photo credit: Hockey Broad
By Jon Fromi
Jeremy Morin is a name that has been at or near the top of the Blackhawks’ prospect list since Chicago obtained his rights 14 months ago. As last season’s training camp came to a close, it appeared that the Auburn, New York native was on a fast track to the NHL.
Almost a year later, Morin is playing what has to be a frustrating waiting game, one that will likely continue for the talented forward until two things occur. A spot on the roster will need to be won. First, Morin will need a clean bill of health in order for that to happen.
Morin, a product of the United States Hockey Developmental Program, was a second-round pick by Atlanta in 2009. Following his selection, Morin torched the Ontario Hockey League for 47 goals and 36 assists in 58 games with the Kitchener Rangers. He was also a point a game player in seven games for the U.S.A.’s gold medal team at the 2010 World Junior Championships.
Morin came to Chicago last summer via the six-player swap that sent Dustin Byfuglien, Ben Eager, and Brent Sopel to the Thrashers. As the centerpiece of the deal, Morin is charged with the task of turning Stan Bowman’s salary dump into a long-term win for Chicago.
It looked as if Morin might set about that task much sooner than anyone could have expected.
The 6’ 1”, 190 pound Morin impressed a lot of people right from the start of training camp last fall. A longshot to make the team in the summer, he showed a quick release and a nose for the net that eventually earned him two call-ups over the first three months of the 2010-11 season.
Morin appeared in two stints for Chicago, first coming up for a pair of games November 6th and 7th. He then was up for seven games in place of Marian Hossa in November and December, picking up his first NHL goal December 8th against Dallas.
If Morin hadn’t been tabbed for the U.S. World Junior Championships squad again, along with fellow prospect Nick Leddy, there was serious debate as to whether the team would keep him on the NHL roster and burn the first year of his entry contract. Instead, the then 19-year-old Morin was sent to play in Buffalo in January, with plans to return him to Rockford afterward.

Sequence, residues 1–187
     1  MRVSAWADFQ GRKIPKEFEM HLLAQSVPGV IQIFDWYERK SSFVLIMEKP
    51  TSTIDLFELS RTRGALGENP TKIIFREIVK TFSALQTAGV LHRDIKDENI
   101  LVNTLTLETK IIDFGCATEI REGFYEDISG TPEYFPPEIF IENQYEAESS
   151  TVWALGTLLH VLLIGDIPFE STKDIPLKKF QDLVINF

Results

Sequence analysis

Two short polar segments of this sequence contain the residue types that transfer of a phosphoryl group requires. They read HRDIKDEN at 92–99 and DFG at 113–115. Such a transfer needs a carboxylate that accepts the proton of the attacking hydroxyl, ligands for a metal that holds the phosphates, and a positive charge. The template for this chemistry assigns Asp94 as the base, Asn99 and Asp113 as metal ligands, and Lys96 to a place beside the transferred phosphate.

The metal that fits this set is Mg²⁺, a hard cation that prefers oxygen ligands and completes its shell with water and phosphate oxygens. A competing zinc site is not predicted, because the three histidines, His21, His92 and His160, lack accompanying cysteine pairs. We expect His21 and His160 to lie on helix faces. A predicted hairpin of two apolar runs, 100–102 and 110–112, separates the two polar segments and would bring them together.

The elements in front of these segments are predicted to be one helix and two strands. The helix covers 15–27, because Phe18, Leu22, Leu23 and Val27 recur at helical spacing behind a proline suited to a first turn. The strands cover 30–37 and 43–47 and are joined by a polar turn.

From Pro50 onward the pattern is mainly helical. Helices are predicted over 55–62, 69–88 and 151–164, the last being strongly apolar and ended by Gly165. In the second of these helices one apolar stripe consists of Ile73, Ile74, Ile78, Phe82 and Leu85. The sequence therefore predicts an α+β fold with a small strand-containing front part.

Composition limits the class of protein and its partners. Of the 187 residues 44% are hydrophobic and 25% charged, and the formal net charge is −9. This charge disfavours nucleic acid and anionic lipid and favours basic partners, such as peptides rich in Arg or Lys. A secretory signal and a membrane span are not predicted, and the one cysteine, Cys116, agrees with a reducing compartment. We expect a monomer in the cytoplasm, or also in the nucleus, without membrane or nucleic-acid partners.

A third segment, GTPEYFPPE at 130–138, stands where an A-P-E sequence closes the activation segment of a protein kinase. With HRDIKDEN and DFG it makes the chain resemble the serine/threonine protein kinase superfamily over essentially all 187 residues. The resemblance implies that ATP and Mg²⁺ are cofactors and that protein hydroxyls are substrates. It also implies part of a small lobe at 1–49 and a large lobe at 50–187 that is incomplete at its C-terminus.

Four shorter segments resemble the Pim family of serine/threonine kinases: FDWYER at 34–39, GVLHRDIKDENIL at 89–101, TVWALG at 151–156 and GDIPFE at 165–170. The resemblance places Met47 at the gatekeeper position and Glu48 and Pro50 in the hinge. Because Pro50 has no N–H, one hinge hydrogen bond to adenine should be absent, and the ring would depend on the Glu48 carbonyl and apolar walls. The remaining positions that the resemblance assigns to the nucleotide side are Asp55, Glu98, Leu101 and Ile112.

Morin’s shoulder was banged up early at the WJC tournament. He did eventually return and got into four games overall and recorded an assist. From there he went back to Rockford to continue his development. Unfortunately, he played in just three games with the IceHogs upon his return.
On January 15th, in a game against the Chicago Wolves, Morin was upended by a hip checking Andrey Zubarev and landed on his head. He has not played since that evening at the AllState Arena.
The IceHogs termed it an upper body injury, but it appeared to be more specifically a head and neck injury. As a result, Morin’s first professional season ended with 22 AHL games, eight goals and four assists. With that, the waiting began.
The shutdown put the clamps on what was a promising rookie season. Morin has an aggressive style to go with great release and is not afraid to get dirty in the corners. He even threw down the gloves once with the ‘Hawks against St. Louis, continuing a Rockford-Peoria AHL feud with Chris Porter.
Morin was a black ace during the playoffs, and went over to Switzerland last month with a few other Blackhawks to train. All signs pointed to Morin being ready to return and get back in the mix at this year’s camp.
“It was kind of a weird play. I just got flipped over someone’s back and landed awkwardly,” Morin said to Adam Jahns of the Chicago Sun-Times earlier this summer about the injury. “But it’s all good now.”
Either the team is being understandably cautious, or all is not progressing as was planned.
So far Morin has been noticeably absent from contact. He was named to the team that participated in Toronto’s rookie tournament, but was scratched in all three games. Now in main camp, Morin practiced at camp for the first time on Sunday (he was kept out of Saturday’s sessions), but through Monday he had not seen action in a scrimmage.
Were it not for what is most likely believed to be a concussion, Morin would currently be in the spot Ben Smith occupies concerning the chance for a spot on this year’s team. Morin’s short NHL tenure was every bit as impressive as Smith’s late-season success. However, fate seems to have Morin slated for Rockford and playing catch up this fall.
If Morin can obtain the clearance for game action when the AHL season begins and can pick his career up where it left off in January, a call-up sometime this season may again be in the cards. With several veterans signed to one-year deals, Chicago can afford to give Morin the chance to recover and develop into a player who could lead the next wave of young talent to the Blackhawks.